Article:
Attention Conservation Notice: 2700 words mostly by Ashok Rao reviewing--and dismissing--the arguments against worrying that rising inequality has been a major problem over the past generation.
The near-consensus view over here at Equitable Growth and at the Equitablog is that U.S. economic growth over the past generation has been very disappointing. Too-much of our economic growth has been wasted producing the wrong stuff and delivering it to the wrong people, and we have failed to properly and productively invest at the rate we could in people, machines and buildings, ideas and organizations, and institutions. The hunch around here is that these two are tightly coupled: that the rapid rise in inequality as a result of the derangement of incentives has both decoupled the links between higher measured real GDP and human economic welfare and material well-being, and has also slowed the growth of our potential to produce real GDP.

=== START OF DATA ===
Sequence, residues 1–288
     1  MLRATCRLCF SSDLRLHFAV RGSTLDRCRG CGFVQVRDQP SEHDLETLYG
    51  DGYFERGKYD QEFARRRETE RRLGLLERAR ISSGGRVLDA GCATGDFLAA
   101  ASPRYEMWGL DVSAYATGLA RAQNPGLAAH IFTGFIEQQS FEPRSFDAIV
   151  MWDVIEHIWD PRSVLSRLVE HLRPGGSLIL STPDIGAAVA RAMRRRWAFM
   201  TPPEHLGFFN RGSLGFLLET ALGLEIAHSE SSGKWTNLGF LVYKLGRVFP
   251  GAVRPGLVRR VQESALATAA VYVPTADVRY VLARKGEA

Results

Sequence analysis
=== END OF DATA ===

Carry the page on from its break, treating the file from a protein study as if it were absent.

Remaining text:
But we could be wrong. And many argue that we are. What do we think of their arguments at their best?
Overwhelmed with work, I asked the smart, thoughtful, and enthusiastic Ashok Rao--along with Evan Soltas one of the leading lights in the next generation of webloggers--to take a look at the arguments of Scott Winship (formerly of Brookings and now of the Manhattan Institute) and others. He was not persuaded: cherry-picking and tendentious shifting of the burden of proof was his assessment.
So let me turn the microphone over to Ashok Rao: